Our View: Low pay won’t keep teachers
A recent study from the Economic Policy Institute indicates teachers are significantly underpaid compared to other similar workers.
The information was included in a paper from EPI Distinguished Fellow Lawrence Mishel and UC Berkeley Economist and EPI Research Associate Sylvia Allegretto, who found teachers’ wages and compensation continue to fall relative to comparable workers.
According to the paper, when adjusted for education, experience, and demographic factors, teachers earned 4.3 percent less than other workers in 1996, while in 2017 the teacher wage penalty grew to 18.7 percent.
Additionally, while teachers on average have better benefits packages than similar workers, those benefits don’t fully close the wage gap. Including benefits, teachers are still left with a record-high 11.1 percent compensation gap, according to the paper. That gap has grown substantially from 1994, when the gap faced by teachers was only 1.8 percent.
Some other key findings from the study include:
— Since 1996, teacher pay has decreased $27 per week (adjusted for inflation) from $1,164 to $1,137 in 2017. In this same time period, college graduates’ average weekly wages have increased from $1,339 to $1,476 in 2017.
— The wage penalty has grown remarkably among women. In 1960, female teachers earned 14.7 percent more than comparable female workers. However, in 2017, the authors find a 15.6 percent wage gap for female teachers.
— The wage penalty for male teachers is much larger. The male teacher wage gap was 22.1 percent in 1979 and improved to 15.1 percent in the mid-1990s, but worsened in the late 1990s into the early 2000s. It stood at 26.8 percent in 2017.
The full report can be found at epi.org/publication/teacher-pay-gap-2018.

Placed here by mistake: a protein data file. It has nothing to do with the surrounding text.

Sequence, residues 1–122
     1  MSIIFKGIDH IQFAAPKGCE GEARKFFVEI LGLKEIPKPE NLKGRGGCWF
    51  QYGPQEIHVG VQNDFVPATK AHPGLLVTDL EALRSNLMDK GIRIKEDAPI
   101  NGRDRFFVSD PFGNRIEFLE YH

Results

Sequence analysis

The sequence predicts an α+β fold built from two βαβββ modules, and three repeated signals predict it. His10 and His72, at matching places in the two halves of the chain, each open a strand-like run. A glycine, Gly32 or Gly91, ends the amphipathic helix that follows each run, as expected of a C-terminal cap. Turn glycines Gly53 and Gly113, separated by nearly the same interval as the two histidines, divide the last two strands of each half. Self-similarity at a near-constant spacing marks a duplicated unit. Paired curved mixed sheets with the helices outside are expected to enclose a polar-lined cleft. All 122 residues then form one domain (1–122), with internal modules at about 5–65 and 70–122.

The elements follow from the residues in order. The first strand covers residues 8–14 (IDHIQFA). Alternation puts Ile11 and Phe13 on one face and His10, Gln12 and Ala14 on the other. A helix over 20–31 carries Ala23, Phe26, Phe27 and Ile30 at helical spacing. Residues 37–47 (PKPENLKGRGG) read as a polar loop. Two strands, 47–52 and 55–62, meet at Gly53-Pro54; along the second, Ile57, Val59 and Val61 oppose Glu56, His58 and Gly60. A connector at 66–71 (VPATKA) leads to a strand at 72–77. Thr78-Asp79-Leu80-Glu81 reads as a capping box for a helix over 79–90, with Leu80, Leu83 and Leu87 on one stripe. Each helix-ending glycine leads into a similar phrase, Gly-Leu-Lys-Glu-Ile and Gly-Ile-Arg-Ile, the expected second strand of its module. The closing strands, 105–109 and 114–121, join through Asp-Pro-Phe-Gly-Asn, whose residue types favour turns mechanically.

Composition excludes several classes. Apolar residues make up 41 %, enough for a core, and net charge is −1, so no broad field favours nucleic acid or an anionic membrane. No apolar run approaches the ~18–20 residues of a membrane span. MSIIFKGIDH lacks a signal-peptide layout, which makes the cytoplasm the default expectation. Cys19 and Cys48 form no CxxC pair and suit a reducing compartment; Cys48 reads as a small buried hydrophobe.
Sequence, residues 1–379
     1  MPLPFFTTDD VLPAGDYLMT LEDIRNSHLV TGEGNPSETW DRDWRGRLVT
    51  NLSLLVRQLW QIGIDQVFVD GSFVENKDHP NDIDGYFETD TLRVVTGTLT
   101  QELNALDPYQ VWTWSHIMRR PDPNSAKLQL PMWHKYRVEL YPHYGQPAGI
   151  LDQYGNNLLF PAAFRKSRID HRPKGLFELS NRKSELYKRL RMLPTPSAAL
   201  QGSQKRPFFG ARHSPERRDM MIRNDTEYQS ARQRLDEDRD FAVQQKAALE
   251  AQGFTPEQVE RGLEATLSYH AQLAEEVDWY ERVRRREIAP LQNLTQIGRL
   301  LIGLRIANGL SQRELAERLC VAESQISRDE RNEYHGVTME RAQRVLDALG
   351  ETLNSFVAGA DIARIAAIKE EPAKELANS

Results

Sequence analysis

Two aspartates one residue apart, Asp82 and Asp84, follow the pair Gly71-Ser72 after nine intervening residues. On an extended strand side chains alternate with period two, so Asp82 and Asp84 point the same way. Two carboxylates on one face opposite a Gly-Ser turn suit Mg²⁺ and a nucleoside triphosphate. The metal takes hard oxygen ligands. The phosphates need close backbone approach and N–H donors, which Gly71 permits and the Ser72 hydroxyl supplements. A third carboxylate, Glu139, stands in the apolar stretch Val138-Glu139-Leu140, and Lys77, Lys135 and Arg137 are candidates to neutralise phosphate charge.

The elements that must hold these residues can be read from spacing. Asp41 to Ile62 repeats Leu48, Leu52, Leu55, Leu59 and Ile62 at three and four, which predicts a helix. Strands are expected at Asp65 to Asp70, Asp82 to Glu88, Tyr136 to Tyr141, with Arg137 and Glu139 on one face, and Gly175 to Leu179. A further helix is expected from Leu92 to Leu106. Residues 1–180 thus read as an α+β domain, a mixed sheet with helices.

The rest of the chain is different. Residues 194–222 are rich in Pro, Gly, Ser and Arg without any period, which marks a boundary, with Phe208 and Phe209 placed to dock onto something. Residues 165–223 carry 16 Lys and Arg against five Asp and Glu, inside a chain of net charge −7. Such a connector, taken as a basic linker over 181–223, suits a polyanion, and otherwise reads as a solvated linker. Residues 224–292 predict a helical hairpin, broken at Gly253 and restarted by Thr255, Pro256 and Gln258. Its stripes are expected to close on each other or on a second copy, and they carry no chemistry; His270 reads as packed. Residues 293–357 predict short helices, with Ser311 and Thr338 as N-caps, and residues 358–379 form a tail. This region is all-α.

This compensation gap is much of the reason why teachers in Kentucky, but also Washington, West Virginia, Oklahoma, Arizona, North Carolina and Colorado have gone on strike, rallying at capitol buildings and raising awareness about the unfair and increasingly widening pay gap.
Along with this substantial gap in pay, education is seeing unnecessary cutbacks in spending and budgets.
As one of the authors of the paper points out, teacher pay is about much more than fairly compensating workers. Unfair pay will make it more difficult to recruit and retain highly-skilled and qualified teachers. Without these passionate and qualified teachers, the future of education in many U.S. states looks bleak.
As the report states, “Effective teachers are the most important school-based determinant of student educational performance.”
Teachers often enter the career knowing they won’t make huge salaries, but also with hopes of making an impact. With such a significant gap in fair compensation, teachers’ altruistic nature won’t be enough to continue. They must also consider their families and financial obligations.
Legislators are doing an injustice to our educators with and consequently our students by having so much discussion of changing pensions and altering benefits and little discussion of how to retain teachers.
While we understand adjustment must be made to regain stable financial footing for the state, we can’t stand to see effective teachers walk away from the profession.
A balance must be found, and quickly.